The Biggest Influence on ‘Master of None’ Isn’t ‘Louie’ — It’s ‘Sex and the City’


Aziz Ansari’s highly anticipated starring turn, and entry into the prestige cable/streaming pantheon, premiered just 11 days ago. If Master of None were airing on NBC or even HBO, that means it’d only just have aired its spectacular second episode, in which protagonist Dev (Ansari) and his friend Brian (Kelvin Yu) reflect on the sacrifices their immigrant parents have made — and how they’ve failed to appreciate them. But because it’s on Netflix, many viewers have already torn through all ten episodes of the show’s first season, and the critical reaction has already cycled through fervent praise, thoughtful analysis, and predictable backlash at breakneck speed.

Within a single week, initial reviews like The New York Times’ — and Flavorwire’s! — called the show “the year’s best comedy straight out the gate” and “one of the best new shows of the year.” Longer, more specific considerations focused on Ansari and co-creator Alan Yang’s handling of issues like systemic racism in Hollywood. Multiple writers argued the series isn’t the diversity panacea others made it out to be, and even had representation issues of its own. And then other writers rose to the show’s defense.

The consensus seems to have settled, reasonably enough, in the neighborhood of, “Master of None is very good, but also in its first season, and therefore neither perfect nor done developing.” Still, despite all the hype turned justified excitement turned radio silence, I noticed a strange gap in all the attempts to place Master of None in the context of contemporary comedies. In fact, to borrow the signature catchphrase of one of Dev’s more obvious antecedents, I couldn’t help but wonder why a certain show, and what it says about what Master of None is trying to say about modern urban life, was largely missing from the conversation.

Not that Master of None‘s more frequently cited influences and parallels aren’t accurate. Preoccupied with male singlehood and illustrating said preoccupation with surreal, gorgeously filmed asides, the show does bear a striking resemblance to Louie; unabashedly grounded in the perspective of its nonwhite leads, it fits in well with the current wave of shows grounded in the experiences of people of color — particularly sitcoms like Black-ish and Fresh Off the Boat, but also the Shondaland complex and Empire. And that’s not even getting into the shows upon shows upon shows starring thinly fictionalized versions of the actor-comedians who created them, forever epitomized by Seinfeld.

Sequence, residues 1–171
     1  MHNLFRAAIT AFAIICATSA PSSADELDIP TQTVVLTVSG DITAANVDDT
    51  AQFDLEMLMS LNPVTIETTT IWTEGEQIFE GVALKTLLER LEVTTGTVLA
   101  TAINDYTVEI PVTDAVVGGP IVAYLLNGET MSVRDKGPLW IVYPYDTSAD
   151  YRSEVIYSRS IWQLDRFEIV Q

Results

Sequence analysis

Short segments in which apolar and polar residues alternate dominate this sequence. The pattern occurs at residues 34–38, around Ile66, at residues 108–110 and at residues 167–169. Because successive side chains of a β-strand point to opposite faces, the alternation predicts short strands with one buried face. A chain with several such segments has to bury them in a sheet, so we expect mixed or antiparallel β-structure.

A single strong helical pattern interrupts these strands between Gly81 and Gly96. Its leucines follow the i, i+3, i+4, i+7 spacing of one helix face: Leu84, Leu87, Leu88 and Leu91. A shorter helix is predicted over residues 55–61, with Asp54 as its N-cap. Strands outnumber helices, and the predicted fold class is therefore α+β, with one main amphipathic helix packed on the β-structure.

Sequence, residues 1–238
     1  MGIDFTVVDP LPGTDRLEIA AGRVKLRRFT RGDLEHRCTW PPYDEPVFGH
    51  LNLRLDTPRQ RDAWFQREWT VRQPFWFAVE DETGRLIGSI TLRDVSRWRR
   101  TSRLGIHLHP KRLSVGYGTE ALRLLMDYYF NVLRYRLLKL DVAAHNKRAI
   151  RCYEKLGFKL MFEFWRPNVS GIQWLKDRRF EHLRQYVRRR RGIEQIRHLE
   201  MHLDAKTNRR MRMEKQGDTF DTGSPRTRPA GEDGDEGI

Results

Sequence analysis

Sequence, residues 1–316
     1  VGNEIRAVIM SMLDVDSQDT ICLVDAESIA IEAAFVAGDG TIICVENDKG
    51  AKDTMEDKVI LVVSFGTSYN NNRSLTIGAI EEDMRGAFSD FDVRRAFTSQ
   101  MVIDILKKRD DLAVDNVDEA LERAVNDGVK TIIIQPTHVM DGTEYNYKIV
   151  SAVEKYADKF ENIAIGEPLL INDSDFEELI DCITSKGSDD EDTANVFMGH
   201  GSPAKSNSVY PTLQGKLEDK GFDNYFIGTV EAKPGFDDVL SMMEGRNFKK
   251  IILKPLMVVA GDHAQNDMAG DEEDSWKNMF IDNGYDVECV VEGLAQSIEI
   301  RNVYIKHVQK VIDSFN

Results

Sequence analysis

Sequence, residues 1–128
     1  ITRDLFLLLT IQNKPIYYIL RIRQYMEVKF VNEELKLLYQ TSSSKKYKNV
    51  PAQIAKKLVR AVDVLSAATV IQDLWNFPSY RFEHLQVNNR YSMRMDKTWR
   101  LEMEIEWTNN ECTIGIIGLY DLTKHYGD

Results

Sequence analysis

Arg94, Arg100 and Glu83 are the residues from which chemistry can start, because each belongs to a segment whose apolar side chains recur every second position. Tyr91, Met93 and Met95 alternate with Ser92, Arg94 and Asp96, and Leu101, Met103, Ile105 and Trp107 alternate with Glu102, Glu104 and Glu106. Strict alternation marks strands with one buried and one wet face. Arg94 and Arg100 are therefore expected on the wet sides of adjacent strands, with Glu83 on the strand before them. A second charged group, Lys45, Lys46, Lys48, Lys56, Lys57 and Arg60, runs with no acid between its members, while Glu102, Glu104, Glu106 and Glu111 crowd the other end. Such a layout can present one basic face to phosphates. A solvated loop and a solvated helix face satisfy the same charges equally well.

Yet it wasn’t these series I kept thinking of while watching Master of None, starting with the opening scene of a one-night stand gone amusingly wrong and continuing through the finale’s life crisis-induced breakup. Instead, I kept flashing back to a different binge-watching experience: discovering Sex and the City through the magic of HBO Go.

That’s partly because, as one might expect from the author of a book called Modern Romance, Master of None‘s most consistent theme turns out to be not race and representation, but sex, dating, and love. The two aren’t mutually exclusive, of course, and that’s part of the point: Dev is a three-dimensional person who experiences workplace microaggressions (and not-so-micro aggressions, in the case of a certain leaked email) and relationship anxiety in equal measure. Still, while the episodes “Parents” and “Indians on TV” are early standouts, the back end of Master of None‘s first season increasingly focuses on the dynamic between Dev and Rachel (Noël Wells), closing out with the one-two punch of “Mornings,” my vote for the best standalone television episode of the year, and “Finale,” in which — spoiler alert! — uncertainty drives Rachel to Tokyo and Dev to Italian pasta school.

Combined with the opener (Rachel’s the other half of that hookup) and the countless debates about dating etiquette in between, Master of None starts to look like the sort of romantic comedy television’s increasingly good at: a long-form portrait of a connection between two fully realized people, one that finds as much material in the mid-relationship fights as in the meet-cute. It’s those debates, though, that separate Master of None from Catastrophe or You’re the Worst. Like Sex and the City, Master is just as much about relying on friends to navigate one’s love life, and friends as more constant and reliable companions than the romantic partners we’re conditioned to think of as our endgame.